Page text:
The entire scheme has been laid out before us. The question now is whether Karl Rove will get away with it.
Here's the scheme, as revealed over the past month: Rove and his deputies traveled to various agencies throughout the government, lecturing management there about Republicans' political prospects. Which House and Senate members were in trouble? Which Democratic seats were vulnerable? What were the major issues in the election?
But there was a line to be drawn: no commands were to be given -- because such a directive would be a blatant violation of the Hatch Act, which forbids the use of government resources for political ends.
On the contrary, the government officials receiving the briefing were supposed to get the hint -- as Tom Hamburger reported
, "employees said they got a not-so-subtle message about helping endangered Republicans." The briefing simply gave them the tools to be helpful in the next election. They were supposed to take the ball and run with it.The Washington Post reports
today that Rove and his deputies gave such briefings to at least 15 different agencies (ranging from NASA to the Department of Homeland Security). But one briefing in particular continues to shine a light on all the rest: the one given this January to officials at the General Services Administration, the government's massive procurement agency.
Rove's deputy Scott Jennings simply showed up and gave the briefing (the slides
(pdf) for which have been obtained by the House oversight committee -- that's one of them above). Employees were supposed to get the "not-so-subtle" message. But unfortunately for Jennings, GSA chief Lurita Doan doesn't do "not-so-subtle." From today's Post
At its completion, GSA Administrator Lurita Alexis Doan asked how GSA projects could be used to help "our candidates," according to half a dozen witnesses. The briefer, J. Scott Jennings, said that topic should be discussed "off-line," the witnesses said. Doan then replied, "Oh, good, at least as long as we are going to follow up," according to an account given by former GSA chief acquisition officer Emily Murphy to House investigators, according to a copy of the transcript.
"Something was going to take place potentially afterwards" regarding Doan's request, GSA deputy director of communications Jennifer Millikin told investigators she concluded at the time.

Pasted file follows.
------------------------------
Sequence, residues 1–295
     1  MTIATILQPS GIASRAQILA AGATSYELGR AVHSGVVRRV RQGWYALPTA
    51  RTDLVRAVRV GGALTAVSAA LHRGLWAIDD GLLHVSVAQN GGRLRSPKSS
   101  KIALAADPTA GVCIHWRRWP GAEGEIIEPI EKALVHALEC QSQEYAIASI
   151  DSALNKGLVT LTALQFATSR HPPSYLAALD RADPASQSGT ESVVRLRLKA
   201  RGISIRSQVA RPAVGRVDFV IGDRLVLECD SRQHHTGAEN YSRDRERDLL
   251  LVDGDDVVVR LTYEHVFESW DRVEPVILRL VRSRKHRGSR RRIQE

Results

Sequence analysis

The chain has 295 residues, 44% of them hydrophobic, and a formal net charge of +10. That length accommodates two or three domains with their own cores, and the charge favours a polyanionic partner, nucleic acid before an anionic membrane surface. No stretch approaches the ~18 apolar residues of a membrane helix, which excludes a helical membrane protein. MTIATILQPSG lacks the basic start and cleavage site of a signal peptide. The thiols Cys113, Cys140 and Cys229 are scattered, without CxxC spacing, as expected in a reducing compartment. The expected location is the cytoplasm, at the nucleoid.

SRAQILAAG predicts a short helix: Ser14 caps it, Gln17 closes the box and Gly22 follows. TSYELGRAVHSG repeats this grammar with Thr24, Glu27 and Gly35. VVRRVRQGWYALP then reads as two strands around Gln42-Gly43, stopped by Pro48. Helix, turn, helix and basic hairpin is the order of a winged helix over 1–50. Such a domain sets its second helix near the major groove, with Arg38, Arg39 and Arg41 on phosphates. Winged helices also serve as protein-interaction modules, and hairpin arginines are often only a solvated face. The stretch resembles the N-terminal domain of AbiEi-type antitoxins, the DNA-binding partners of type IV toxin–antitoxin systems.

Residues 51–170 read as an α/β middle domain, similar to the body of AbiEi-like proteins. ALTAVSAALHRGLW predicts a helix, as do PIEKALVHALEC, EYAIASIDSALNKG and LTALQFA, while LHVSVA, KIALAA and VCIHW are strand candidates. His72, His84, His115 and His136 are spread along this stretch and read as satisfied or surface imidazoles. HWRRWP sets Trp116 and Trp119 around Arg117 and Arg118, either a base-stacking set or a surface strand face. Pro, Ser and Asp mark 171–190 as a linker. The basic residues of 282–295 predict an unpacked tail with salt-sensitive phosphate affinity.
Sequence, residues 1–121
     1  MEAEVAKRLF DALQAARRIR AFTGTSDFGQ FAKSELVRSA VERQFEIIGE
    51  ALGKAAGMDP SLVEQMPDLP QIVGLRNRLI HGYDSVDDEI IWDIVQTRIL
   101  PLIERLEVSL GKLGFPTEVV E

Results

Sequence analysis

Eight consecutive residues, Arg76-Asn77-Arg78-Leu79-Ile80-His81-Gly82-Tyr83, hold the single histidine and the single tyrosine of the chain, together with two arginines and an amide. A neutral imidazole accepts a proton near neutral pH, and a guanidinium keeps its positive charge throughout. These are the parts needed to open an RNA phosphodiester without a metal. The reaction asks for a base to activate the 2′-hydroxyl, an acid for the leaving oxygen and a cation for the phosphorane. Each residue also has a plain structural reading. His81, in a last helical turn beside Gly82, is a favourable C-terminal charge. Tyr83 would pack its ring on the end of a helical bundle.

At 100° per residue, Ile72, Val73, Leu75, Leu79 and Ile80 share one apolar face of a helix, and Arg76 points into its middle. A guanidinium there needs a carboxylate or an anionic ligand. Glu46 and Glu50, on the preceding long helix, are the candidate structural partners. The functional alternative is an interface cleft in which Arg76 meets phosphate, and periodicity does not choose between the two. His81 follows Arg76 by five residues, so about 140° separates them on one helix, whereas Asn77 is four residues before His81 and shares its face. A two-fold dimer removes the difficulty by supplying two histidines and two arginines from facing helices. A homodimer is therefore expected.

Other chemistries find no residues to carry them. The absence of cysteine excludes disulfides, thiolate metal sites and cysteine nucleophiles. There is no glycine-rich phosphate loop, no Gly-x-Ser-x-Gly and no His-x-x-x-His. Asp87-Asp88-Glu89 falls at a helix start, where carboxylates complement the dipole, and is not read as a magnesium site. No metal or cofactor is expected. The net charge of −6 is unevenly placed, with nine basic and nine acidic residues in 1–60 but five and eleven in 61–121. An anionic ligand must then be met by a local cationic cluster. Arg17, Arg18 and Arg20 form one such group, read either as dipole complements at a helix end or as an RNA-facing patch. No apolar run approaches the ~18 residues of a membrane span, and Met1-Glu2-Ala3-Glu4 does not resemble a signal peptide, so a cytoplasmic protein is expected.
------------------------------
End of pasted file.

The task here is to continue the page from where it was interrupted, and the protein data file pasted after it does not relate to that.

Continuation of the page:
Doan was obviously supposed to come to the tacit understanding that such things should be discussed "off-line." But, as anyone who watched Doan testify
before the House last month can attest, she doesn't think well on her feet.
Now, the White House has adopted the line that the briefings were simply to provide employees a look at "the political landscape." And apparently that talking point has been widely distributed, as R. Jeffrey Smith from the Post
By the end of yesterday afternoon, all of those describing the briefings on the record had adopted a uniform phrase in response to a reporter's inquiries: They were, each official said, "informational briefings about the political landscape."
It's all about plausible deniability. As Scott Bloch, the head of the Office of Special Counsel -- the office that is charged with investigating Hatch Act violations -- tells Smith, "Political forecasts, just generally . . . I do not regard as illegal political activity." Bloch, remember, is the one who announced to the world earlier this week that he'd leave no stone unturned in his pursuit of Karl Rove. (There's more on Bloch here
The burning question here is this: what about those agency officials who are smarter than Doan? The briefings have been going on since the beginning of the Bush administration. Somebody got the hint, had that "offline" conversation, and successfully helped "our candidates." How many? When? Where?